I’m grateful for the people who’ve been able to open up for the first time about something that was oppressing them and they were keeping in secret because they felt embarrassed. For the people who have decided to put a stop to a destructive behavior because they’ve seen themselves reflected in my words. For the people who trust me and write to me when they need to talk with someone and seek advice due to the irrational impulses of an addiction or mental illness. In short, I’m grateful that the Holy Spirit has deigned to act through me to knock the door of others’ souls.
11. The people I’ve met through instagram
I’m grateful for all those people who have preceded me in the recovery journey and whose testimonies have been a constant source of inspiration for me. For those who have been walking this way by my side and with whom I’ve been lucky enough to form a community. For those who, coming from very different experiences, attract me because of their outpouring of passion for what they do in life and for helping others. Nowadays people tend to demonize social media and look down on the relationships that are created there, but I can only say good things.
12. The people who believe in me
I’ve already mentioned many of them, particularly or in a group… but here I want to remember them again specially in this facet, and to include others: old friends, new friends and “mentors” or professionals who I can basically call friends too. All those who, knowing what I’ve done, still keep betting on me, and also believe in the good I can do to others through my project.
13. The future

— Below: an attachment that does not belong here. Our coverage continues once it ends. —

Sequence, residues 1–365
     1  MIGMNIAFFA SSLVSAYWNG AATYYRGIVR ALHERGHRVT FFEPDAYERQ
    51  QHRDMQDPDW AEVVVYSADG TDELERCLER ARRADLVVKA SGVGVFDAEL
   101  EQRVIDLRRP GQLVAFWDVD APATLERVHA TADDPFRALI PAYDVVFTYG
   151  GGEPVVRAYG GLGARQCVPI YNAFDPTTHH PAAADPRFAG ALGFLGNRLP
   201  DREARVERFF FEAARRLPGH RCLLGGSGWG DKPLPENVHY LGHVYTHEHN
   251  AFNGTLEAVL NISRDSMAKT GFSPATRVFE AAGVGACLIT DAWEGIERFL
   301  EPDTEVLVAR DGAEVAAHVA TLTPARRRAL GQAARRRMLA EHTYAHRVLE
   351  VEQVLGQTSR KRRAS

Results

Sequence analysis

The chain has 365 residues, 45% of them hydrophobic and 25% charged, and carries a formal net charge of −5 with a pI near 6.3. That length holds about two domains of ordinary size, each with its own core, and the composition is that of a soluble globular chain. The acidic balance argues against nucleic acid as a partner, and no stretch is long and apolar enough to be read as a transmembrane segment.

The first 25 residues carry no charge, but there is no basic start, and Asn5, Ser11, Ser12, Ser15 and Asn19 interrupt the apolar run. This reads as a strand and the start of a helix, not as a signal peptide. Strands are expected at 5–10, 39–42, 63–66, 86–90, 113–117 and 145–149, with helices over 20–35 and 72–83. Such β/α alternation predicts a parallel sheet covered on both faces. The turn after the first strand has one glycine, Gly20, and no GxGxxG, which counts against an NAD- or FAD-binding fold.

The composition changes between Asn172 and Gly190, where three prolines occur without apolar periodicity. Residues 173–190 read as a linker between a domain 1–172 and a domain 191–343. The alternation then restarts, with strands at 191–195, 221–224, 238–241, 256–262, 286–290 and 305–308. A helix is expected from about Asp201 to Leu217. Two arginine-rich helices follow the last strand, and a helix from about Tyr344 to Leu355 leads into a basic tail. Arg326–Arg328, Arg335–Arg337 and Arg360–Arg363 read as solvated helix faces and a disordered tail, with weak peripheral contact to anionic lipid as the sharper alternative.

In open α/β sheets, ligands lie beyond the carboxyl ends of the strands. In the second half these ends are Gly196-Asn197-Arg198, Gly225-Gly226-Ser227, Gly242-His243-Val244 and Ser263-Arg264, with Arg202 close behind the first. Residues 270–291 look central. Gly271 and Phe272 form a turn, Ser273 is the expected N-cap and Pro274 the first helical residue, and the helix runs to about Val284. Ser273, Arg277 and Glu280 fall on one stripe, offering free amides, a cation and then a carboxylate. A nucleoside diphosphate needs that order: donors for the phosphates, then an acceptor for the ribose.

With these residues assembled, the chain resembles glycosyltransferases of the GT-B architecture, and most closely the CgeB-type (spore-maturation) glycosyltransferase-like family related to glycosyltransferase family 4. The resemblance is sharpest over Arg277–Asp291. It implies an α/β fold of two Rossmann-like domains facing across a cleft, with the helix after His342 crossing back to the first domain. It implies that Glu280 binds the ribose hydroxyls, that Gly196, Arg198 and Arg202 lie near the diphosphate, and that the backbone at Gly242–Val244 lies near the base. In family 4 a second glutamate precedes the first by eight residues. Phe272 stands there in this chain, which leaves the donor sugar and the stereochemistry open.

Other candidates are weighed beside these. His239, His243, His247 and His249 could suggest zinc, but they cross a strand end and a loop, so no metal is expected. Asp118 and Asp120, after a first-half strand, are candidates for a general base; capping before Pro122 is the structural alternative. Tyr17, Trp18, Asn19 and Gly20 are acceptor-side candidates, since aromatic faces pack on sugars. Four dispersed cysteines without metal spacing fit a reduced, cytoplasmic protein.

I’m grateful because I don’t know how the future will be, but at least I know it won’t be that abomination I had created in my mind of an “ideal anorexic life”. I’m grateful for being able to look at the future with more excitement than fear (even if there’s fear), because I know I’m in God’s hands and I honestly believe I’m following His inspirations; not like at the beginning of my recovery, when I thought I had betrayed Him and therefore I was going to be punished.
It gives me an immense peace to have the certainty that I’ll found more than enough grace in every step I take. And that from now on the changes aren’t going to be like the traumatic conversion that absolutely tore down all my life structure as I had known it until then, because this time I’m already in the truth. Now I have a firm foundation that I know can’t be demolished, and what I’m building on it will neither be destroyed if something changes, but it will be a twist or or an extension of it, a transition where I will have arrived because of the previous things I’ve been doing.
If you didn’t do it yesterday, I encourage you to do this gratitude challenge today. That gratitude will broaden your heart so you’ll be able to receive new graces. The bigger the love capacity, the more God will give Himself to us.